And the article leaves a big gap in its journalistic objectivity by not taking on Tony Judt's comments. While it may be true that the UAW has sought out workers beyond its historical automaking contingency because of the shrinkage of the auto industry, that can not explain their continued devotion of resources and energies to our campaign. See, when unions are recognized by the employer, members pay dues to the union, and these dues are automatically deducted from their paychecks (yes, that's right, all us GSOCers contributed a few of our meager dollars to the union with every paycheck). The national UAW got a small percentage of those dollars. But when a union is not recognized by the employer, the national UAW no longer receives that money. In other words, at the present time, the UAW is spending money on our campaign rather than making money from us. I don't care how desperate a national union was; it would not spend money on a fight it didn't beleive in. Judt, I suppose, has not kept up on the futre of the labor movement, a future filled with knowledge and service workers like us.

Sunday, September 17, 2006

Chemists Unite!

Every semester here at NYU begins with a significant number of problems with getting our paychecks. These problems include delayed paychecks, entirely missing paychecks, and paychecks for the wrong amount. Because of the history of such problems, our union contract contained a rare clause specifically requiring the University to pay us appropriately and on-time. Despite this fact, we filed greivances every year to get our pay (greivances that lead the administration to claim we filed to many greivances), and NYU lost every one and usually was forced to turn over money quickly.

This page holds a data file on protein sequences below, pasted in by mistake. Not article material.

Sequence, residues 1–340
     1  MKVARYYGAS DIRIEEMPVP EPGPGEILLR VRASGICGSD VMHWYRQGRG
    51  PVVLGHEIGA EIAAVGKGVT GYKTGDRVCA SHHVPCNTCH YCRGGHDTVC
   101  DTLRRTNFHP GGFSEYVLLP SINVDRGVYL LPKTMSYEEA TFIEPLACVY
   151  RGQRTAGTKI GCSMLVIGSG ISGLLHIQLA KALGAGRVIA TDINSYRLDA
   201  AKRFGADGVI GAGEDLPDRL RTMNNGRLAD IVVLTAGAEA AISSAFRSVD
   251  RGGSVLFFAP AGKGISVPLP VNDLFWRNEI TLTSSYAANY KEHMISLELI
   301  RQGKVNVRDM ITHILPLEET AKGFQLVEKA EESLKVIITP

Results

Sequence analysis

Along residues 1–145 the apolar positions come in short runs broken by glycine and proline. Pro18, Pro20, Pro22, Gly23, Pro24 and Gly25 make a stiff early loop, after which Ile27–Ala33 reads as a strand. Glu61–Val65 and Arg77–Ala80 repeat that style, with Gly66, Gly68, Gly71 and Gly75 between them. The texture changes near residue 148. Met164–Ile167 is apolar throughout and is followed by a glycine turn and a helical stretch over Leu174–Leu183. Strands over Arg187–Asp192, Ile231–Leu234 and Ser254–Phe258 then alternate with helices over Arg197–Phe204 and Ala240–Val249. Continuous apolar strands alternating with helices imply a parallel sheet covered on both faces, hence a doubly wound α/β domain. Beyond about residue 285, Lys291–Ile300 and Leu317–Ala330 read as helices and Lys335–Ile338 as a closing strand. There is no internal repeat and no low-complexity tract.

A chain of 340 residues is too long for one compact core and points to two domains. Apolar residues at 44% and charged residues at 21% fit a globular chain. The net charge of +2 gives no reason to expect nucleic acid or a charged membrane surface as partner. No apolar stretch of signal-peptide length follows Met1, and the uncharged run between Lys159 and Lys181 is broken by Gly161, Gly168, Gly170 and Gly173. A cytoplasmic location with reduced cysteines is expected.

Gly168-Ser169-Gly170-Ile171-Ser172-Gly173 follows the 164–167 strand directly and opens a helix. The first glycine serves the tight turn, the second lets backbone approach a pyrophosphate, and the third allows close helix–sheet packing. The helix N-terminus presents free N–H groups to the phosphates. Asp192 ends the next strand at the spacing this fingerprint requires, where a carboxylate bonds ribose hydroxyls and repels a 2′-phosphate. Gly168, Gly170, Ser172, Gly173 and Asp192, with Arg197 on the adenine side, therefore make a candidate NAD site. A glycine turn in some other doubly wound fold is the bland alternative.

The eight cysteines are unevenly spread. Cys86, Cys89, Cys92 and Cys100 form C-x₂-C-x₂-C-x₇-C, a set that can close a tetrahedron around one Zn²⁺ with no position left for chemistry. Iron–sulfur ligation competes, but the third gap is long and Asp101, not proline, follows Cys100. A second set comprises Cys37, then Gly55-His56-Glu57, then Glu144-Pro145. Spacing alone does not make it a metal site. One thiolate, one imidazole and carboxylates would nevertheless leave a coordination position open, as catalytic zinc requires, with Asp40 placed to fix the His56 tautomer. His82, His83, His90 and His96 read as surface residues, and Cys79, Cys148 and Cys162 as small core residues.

This year, of course, we have no such recourse. And yet graduate student employees from a wide variety of departments have begun the year without receiving their first paychecks, which were to have been distributed this week or earlier depending on the employees' work schedules.

The most glaring offense has been in the Chemistry department, where workers ordinarily receive their first paycheck in the first week of the year because they have been working in August (unlike those in many other departments). This year, Chemistry GAs did not receive their checks. Instead, they received an email announcing that the pay they were due in this first paycheck, pay they needed for rent, food, medical expenses, and textbooks, would be divded up and provided bit by bit over the rest of their paychecks for the year. In other words, some of the pay due to the chemists in September would not be available until May, giving NYU the opportunity to earn high interest rates on other people's money.

The chemists were angry. And so they marched on the GSAS administration offices and presented a quite reasonable demand: that their pay be restored by the beginning of October, at the latest. Even that date would create considerable hardship for many GAs, including those international students who the university forces to enroll in additional ESL classes without providing tuition remission (while native English speakers who take second languages can do so for free). The chemists GSAS Associate Dean David Slocum that they were not willing to wait and take their chances with the "interm greivance procedure," as other GSOC members have been winding their way through the procedure for 6 months without receiving any results. And we will see what happens next.